Just how accurate are documentaries?






The struggle of making documentaries is that you have to produce something that reflects real life events. This causes many issues because when facing something to do with real life issues you face lots of political and morale choices. And since you are a filmmaker you have the power to produce things the way you want them to be. So you can put your own twist on things, leaving out important issues and over dramatising others. So the question isn’t ‘how can you make documentaries accurate?’, but ‘how can you make them as accurate as possible?’

Their are many different factors which contribute to how accurate or bias a documentary is, and that comes from both sides of the camera; the people you talk to, the people you don’t talk to, the scenes you cut out and the scene’s you don’t. Their is an incredible amount of responsibility when producing a documentary, because your reputation as a filmmaker is at risk. So what do you have to keep in mind when producing a documentary.

  • ¬†Representation – Representation is about balancing the scales. If you are showing individuals, minorities or backgrounds on screen, then you have to do the same with other’s that you are showing. For instance if you were making a documentary that had two major perspectives such as politics, then you would have to show the perspective of both.
  • Balance – Balance is about contributing equal amounts of input into each viewpoint as possible. So this means that each viewpoint should have the same amount of time spent on it as the other, but also that each viewpoint should be ‘valid’, by this I mean that it would be irrelevant to ask a footballer about farms. You need to represent each point of view with someone who is equally as relevant to the subject matter as the other. So it would be better to have two directors discussing a film, than one director and someone who works in McDonalds.
  • Objectivity – Objectivity is all around how opinions are put across in arguing certain cases. To be objective is to write or discuss your chosen topic without including any bias. For example to say ‘The scum Man Utd defeated the heroic Liverpool’ would not be objective because it is made on viewpoints and opinion. In order for it to be objective, it would need to say ‘Man Utd defeated Liverpool’.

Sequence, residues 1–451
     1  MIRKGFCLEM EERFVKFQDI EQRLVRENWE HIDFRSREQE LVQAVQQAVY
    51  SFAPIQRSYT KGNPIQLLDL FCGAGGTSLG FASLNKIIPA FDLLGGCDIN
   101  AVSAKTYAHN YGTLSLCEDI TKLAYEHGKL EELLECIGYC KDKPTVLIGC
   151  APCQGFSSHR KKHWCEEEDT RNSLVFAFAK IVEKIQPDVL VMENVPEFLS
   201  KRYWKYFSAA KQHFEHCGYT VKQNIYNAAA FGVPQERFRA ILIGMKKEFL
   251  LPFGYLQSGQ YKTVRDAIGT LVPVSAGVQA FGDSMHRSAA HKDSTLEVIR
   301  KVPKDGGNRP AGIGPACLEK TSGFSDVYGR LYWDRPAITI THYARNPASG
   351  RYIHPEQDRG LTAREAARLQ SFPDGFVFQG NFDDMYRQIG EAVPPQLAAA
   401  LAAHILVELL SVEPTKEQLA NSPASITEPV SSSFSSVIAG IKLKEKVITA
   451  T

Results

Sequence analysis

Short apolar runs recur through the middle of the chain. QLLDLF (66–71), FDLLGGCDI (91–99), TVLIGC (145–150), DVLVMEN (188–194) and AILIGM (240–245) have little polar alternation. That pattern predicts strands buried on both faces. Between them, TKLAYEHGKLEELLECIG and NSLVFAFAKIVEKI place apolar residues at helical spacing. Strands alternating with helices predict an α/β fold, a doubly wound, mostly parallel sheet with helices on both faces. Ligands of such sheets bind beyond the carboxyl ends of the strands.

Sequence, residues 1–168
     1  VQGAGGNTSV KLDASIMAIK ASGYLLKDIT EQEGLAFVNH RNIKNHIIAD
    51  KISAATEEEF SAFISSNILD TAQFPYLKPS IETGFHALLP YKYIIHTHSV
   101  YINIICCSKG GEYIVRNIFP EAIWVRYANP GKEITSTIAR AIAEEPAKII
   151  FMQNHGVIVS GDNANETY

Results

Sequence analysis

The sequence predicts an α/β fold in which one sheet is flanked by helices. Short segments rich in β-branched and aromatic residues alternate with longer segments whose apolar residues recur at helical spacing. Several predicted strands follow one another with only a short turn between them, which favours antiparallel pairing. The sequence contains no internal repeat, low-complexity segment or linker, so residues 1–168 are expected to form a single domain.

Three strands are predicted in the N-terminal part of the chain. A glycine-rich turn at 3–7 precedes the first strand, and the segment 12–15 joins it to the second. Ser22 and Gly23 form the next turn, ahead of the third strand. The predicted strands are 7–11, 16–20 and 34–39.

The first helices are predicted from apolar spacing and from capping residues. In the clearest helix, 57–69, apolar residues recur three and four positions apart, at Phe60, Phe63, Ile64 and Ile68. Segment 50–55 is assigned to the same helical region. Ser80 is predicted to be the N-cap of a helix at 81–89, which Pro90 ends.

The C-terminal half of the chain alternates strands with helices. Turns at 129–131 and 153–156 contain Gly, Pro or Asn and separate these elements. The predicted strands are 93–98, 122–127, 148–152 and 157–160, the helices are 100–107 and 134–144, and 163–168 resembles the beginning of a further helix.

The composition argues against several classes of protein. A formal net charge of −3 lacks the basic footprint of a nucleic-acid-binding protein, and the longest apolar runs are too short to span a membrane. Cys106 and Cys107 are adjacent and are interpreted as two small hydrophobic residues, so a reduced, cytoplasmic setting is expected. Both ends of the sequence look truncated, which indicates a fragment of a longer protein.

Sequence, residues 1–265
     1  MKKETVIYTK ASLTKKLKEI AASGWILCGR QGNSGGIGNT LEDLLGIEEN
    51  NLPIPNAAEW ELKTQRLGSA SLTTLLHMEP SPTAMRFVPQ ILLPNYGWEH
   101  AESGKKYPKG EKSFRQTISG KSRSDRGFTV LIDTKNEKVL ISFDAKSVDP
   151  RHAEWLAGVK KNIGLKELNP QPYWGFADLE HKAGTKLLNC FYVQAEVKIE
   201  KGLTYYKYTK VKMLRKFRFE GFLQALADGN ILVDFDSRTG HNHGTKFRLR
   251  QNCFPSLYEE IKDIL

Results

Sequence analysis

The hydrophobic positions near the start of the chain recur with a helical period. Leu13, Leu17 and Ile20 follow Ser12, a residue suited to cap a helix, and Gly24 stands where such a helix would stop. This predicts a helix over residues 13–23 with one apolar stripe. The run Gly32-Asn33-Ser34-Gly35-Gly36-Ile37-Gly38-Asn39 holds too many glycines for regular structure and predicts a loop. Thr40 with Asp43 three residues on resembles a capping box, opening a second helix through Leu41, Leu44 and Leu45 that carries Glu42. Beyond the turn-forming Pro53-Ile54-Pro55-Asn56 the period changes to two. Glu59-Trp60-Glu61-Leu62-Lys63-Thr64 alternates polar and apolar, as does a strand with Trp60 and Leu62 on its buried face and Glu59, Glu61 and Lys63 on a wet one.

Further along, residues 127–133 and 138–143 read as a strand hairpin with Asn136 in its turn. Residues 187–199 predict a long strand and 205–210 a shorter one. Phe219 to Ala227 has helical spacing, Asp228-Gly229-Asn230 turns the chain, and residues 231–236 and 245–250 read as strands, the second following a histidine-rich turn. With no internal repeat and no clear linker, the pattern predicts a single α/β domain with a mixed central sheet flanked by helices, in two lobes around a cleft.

• Subjectivity – Subjectivity is the opposite of objectivity and is when opinions are heard more than facts. You will mostly get one point of view as the voices will likely reflect what the filmmaker thinks. Everything that is seen and heard will support the same viewpoint.
  • Impartiality – Impartiality is not taking sides in an argument. To say that you are impartial means that you do not favour certain views over other views. You consider both sides of the spectrum. Many on screen filmmakers are not impartial and may have subtle opinions. Even voices of god can be impartial because they may use certain terminology in their linguistics.
  • Opinion – Opinion is when someone believes a certain viewpoint without necessarily using evidence to back up their argument. Opinion’s can often be found either in subtle cases or completely obvious cases. If you are producing a documentary based on opinion then you are subjective. You can listen to opinion’s but you need to have contrasting opinion’s to even it out.
  • Bias – Bias is when the filmmaker(s) support a certain viewpoint on the spectrum and edit their film so that it supports or opposes a specific group of people. If you are bias then you won’t really consider the opposing viewpoint and you will disregard the opinions of those who disagree with you. In the case of a documentary, you might make individuals or companies look bad. This is because you may speak to people who support your perspective, or you highlight all of the bad things about the person(s) that you oppose and don’t mention any of the good things.




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